Oh, yeah, Beth, tackling some of that would be great. Ancestry porn seems quite riddled with snobbery.

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        • beth62

          October 14, 2015 at 12:18 am

          That’s for sure. I’ve gotten reported by snobs several times now for not hiding facts about people in MY family like many others attempt to do. As well as for having a public tree. One crazy snob insisted that I MUST make my tree private.
          Some poor clueless innocent adult adopted child may see the truth about themselves if they look. Or some family member might find out that their grandparents are first cousins or siblings… or that so and so were married post-baby….and what? Drop dead? Die of embarassment? Uh, they’re already dead LOL

          I am the evil wrong one? I think not 🙂 and neither did the ancestry.com god. I got freebies.
          I love doing that. I confess I absolutely love old family secret busting.

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  5. momengineer

    October 5, 2015 at 3:30 pm

    My daughter has been given the assignment twice with some variations. The first was a family tree, but all students were advised to use a substitute if someone’s info was missing. It was pretty funny with a single adoptive mom and her Uncle Mike. The second was biology with two random students creating their “baby” with some characteristis chosen by dominance and some by a coin flip. The very brave teacher even went into the future with some same gender “couples” creating a baby. My daughter learned more about genetics with this assignment than any traditional family tree.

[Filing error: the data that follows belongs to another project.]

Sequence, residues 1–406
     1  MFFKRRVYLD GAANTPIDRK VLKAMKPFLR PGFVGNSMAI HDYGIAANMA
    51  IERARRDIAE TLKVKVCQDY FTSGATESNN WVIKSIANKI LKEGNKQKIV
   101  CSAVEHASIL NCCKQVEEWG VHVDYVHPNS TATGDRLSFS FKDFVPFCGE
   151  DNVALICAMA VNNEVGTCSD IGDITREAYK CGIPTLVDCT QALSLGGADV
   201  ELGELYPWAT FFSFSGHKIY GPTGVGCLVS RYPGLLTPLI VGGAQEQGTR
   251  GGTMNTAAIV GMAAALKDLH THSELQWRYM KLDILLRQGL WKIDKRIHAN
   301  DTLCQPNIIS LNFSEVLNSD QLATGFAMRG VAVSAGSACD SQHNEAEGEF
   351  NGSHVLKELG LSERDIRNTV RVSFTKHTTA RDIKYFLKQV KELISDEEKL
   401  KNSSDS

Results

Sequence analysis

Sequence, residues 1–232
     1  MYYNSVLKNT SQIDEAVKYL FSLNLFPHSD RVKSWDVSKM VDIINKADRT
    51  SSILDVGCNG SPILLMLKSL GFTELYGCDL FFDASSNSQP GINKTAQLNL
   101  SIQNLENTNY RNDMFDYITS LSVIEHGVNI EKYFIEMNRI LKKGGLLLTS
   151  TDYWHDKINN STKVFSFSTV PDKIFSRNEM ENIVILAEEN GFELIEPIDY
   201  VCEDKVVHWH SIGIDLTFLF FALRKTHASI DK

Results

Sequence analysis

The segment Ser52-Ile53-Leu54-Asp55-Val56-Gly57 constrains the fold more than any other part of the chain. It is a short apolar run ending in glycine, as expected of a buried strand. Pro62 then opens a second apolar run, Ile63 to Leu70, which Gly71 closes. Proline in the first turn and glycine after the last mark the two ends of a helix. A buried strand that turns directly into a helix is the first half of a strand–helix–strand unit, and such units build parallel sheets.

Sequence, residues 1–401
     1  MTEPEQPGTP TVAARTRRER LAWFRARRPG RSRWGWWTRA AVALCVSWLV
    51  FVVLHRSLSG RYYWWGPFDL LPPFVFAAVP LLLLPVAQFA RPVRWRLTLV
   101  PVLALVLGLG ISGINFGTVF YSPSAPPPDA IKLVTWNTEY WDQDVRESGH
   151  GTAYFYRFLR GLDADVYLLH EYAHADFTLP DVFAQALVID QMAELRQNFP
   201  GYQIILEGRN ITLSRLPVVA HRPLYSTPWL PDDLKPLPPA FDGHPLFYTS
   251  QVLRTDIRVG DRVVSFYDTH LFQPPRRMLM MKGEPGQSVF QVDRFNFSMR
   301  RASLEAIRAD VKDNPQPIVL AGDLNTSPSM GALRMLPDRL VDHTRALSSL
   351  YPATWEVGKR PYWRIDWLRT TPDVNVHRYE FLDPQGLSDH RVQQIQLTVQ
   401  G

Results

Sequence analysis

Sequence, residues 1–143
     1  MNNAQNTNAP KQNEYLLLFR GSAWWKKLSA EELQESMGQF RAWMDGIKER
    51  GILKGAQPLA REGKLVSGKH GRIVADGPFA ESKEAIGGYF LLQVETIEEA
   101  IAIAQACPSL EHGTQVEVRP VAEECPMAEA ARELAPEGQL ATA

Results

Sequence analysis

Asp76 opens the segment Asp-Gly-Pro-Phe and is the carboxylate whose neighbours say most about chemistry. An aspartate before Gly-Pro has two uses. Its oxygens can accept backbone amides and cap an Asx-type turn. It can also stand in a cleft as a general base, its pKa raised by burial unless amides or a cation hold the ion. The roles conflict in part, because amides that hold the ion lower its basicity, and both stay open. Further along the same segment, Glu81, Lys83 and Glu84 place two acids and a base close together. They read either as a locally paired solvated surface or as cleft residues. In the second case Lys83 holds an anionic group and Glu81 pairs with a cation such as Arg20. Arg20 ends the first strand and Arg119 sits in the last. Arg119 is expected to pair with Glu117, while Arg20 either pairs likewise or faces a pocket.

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  6. onewomanschoice

    October 7, 2015 at 6:12 pm

    I don’t remember my son doing the family tree assignment in school (we live in Texas).

    When he was in pre-k, he did bring home a picture of a tree and they could put stickers on the tree and right all the people in their family but it wasn’t genealogy assignment. Another thing the teacher did was chose a child each week to the be star. Each child got this opportunity. With that came the opportunity to not only shine but to do a poster about themself. They could post pics, draw, and/or write about whatever mattered to them (pets, activities, etc). I like that idea.

    I am just curious about what purpose is it for the school to have the kids do a family tree? What is the age group that this occurs? What is the message or the lesson they are hoping to teach? These are the questions that I would pose to a school or teacher.